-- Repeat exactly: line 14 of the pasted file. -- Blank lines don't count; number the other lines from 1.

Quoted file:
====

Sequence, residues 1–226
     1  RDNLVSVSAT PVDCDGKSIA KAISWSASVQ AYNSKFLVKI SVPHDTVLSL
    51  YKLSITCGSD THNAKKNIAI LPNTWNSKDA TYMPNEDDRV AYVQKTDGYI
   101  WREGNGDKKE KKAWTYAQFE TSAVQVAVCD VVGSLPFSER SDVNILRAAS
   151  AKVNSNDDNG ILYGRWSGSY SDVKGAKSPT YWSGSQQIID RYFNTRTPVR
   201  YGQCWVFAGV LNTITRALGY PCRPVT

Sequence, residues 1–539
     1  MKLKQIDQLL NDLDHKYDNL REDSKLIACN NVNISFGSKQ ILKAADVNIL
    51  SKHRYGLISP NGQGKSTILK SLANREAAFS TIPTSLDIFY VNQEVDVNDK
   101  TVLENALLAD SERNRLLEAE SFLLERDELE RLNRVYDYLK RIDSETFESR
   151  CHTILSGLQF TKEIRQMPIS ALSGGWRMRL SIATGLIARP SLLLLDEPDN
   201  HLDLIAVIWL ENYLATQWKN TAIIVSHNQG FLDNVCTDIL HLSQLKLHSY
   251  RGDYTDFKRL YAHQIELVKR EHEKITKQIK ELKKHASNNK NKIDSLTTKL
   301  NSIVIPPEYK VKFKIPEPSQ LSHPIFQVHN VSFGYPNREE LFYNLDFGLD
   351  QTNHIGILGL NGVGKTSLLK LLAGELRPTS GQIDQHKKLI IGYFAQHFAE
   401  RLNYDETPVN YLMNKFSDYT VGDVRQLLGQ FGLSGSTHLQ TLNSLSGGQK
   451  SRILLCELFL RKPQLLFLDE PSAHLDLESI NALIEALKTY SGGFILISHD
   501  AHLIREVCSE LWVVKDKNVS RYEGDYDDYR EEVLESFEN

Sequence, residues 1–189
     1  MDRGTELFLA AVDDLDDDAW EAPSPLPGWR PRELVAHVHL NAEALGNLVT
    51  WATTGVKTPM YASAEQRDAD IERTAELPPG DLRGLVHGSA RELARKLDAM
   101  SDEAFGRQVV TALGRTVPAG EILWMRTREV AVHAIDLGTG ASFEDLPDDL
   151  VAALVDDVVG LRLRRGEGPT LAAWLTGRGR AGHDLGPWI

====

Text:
   301  NSIVIPPEYK VKFKIPEPSQ LSHPIFQVHN VSFGYPNREE LFYNLDFGLD